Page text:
Public input discussion revisited in Prairie Township

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By Amanda Ensinger
Staff Writer

Residents will be able to comment during the live Facebook streaming of board meetings, despite township leaders asking that comments be turned off. Prairie Township Administrator Rob Peters asked the board to turn off Facebook comments during the live-streamed meetings.

“This takes out the negativity and negative tone,” Peters said during a recent meeting.

However, according to Peters, the township was not able to do this because of technology challenges.

“Comments were never disabled on the township Facebook page,” he said. “We discussed this and then looked into. With the type of page we have, it is not an option to disable comments.”

The manner public comments are currently handled with the Prairie Township board meetings has been controversial with residents. Many residents have voiced frustration over the lack of public interaction during the meetings. Currently, questions cannot be asked during the meetings and instead must be submitted prior to the meetings.

Peters has said numerous times he cannot moderate comments during the meetings and run the meetings. However, the township has been working on new software to make the meetings more interactive with residents and will be introducing new software this month where residents can virtually ask questions live during the meetings.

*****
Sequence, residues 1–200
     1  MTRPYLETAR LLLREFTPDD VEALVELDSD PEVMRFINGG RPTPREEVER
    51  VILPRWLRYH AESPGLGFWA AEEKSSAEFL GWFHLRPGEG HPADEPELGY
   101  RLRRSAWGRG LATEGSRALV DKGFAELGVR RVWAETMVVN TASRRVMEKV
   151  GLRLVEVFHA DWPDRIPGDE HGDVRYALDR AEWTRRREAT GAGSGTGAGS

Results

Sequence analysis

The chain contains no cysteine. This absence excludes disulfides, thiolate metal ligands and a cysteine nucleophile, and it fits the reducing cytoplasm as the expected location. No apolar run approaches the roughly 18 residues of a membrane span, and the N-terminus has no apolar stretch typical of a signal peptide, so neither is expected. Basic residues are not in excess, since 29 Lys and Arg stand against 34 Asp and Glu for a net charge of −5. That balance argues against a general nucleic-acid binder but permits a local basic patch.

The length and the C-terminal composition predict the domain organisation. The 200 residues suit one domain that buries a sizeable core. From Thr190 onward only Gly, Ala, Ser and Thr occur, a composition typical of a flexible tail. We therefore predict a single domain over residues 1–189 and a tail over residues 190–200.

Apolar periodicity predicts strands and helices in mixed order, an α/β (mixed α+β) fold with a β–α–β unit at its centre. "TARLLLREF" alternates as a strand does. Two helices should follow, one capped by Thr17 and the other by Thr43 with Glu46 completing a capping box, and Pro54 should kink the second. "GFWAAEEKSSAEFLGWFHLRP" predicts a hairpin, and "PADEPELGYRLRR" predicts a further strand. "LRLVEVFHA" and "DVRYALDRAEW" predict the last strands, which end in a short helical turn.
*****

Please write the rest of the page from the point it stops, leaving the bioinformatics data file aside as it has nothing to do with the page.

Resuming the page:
“I anticipated in June or July that we were going to be getting guidelines from the state of Ohio to be able to conduct public meetings with proper spacing like retail and restaurant operations,” Peters said. “This did not happen. We purchased a web camera and upgraded from Webex meetings to Webex events which was put into use on Jan. 12.”

In other news, township residents are waiting to find out if a new restaurant will be put in the concession stand at the Galloway Road Sports Complex.

In the fall, township resident Rob Connors presented the board with an innovative way to use the concession stand at the complex. He had a proposal to lease the concession stand and turn it into a restaurant the players, coaches, families and visitors could use while they are at the complex.

“We would call it the Snack Shake and it would be more than a concession stand,” he said. “We would sell your typical concession stand items like candy, pop and hot dogs, but we would also sell more specialty items, like barbecue or fried items.”

According to Peters, the township is still considering the proposal.

“Staff will make a recommendation to the trustees on the options for operating the Prairie Township concession stand,” he said. “The trustees will then determine if we operate as a township facility or contract with a vendor.”

Peters provided no other details or timing on when this decision would be made.

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